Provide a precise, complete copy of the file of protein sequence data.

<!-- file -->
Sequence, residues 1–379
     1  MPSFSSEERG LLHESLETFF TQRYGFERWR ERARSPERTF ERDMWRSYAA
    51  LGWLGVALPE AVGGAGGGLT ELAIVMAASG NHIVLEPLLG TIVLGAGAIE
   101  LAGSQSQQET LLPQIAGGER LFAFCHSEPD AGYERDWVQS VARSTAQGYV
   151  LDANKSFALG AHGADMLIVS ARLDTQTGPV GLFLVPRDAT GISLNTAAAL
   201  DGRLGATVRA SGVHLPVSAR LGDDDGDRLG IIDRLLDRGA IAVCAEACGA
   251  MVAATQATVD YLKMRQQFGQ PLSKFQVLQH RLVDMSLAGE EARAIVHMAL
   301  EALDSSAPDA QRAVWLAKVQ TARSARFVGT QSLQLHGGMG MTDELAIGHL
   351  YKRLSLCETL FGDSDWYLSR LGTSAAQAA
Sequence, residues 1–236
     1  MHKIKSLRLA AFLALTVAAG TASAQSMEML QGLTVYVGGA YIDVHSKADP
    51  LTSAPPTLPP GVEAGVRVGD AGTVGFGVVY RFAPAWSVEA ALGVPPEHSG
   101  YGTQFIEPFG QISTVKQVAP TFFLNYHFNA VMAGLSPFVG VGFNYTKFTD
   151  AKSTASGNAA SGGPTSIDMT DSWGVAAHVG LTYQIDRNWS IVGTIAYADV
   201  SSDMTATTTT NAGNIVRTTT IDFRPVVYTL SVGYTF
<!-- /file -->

Sequence, residues 1–379
     1  MPSFSSEERG LLHESLETFF TQRYGFERWR ERARSPERTF ERDMWRSYAA
    51  LGWLGVALPE AVGGAGGGLT ELAIVMAASG NHIVLEPLLG TIVLGAGAIE
   101  LAGSQSQQET LLPQIAGGER LFAFCHSEPD AGYERDWVQS VARSTAQGYV
   151  LDANKSFALG AHGADMLIVS ARLDTQTGPV GLFLVPRDAT GISLNTAAAL
   201  DGRLGATVRA SGVHLPVSAR LGDDDGDRLG IIDRLLDRGA IAVCAEACGA
   251  MVAATQATVD YLKMRQQFGQ PLSKFQVLQH RLVDMSLAGE EARAIVHMAL
   301  EALDSSAPDA QRAVWLAKVQ TARSARFVGT QSLQLHGGMG MTDELAIGHL
   351  YKRLSLCETL FGDSDWYLSR LGTSAAQAA
Sequence, residues 1–236
     1  MHKIKSLRLA AFLALTVAAG TASAQSMEML QGLTVYVGGA YIDVHSKADP
    51  LTSAPPTLPP GVEAGVRVGD AGTVGFGVVY RFAPAWSVEA ALGVPPEHSG
   101  YGTQFIEPFG QISTVKQVAP TFFLNYHFNA VMAGLSPFVG VGFNYTKFTD
   151  AKSTASGNAA SGGPTSIDMT DSWGVAAHVG LTYQIDRNWS IVGTIAYADV
   201  SSDMTATTTT NAGNIVRTTT IDFRPVVYTL SVGYTF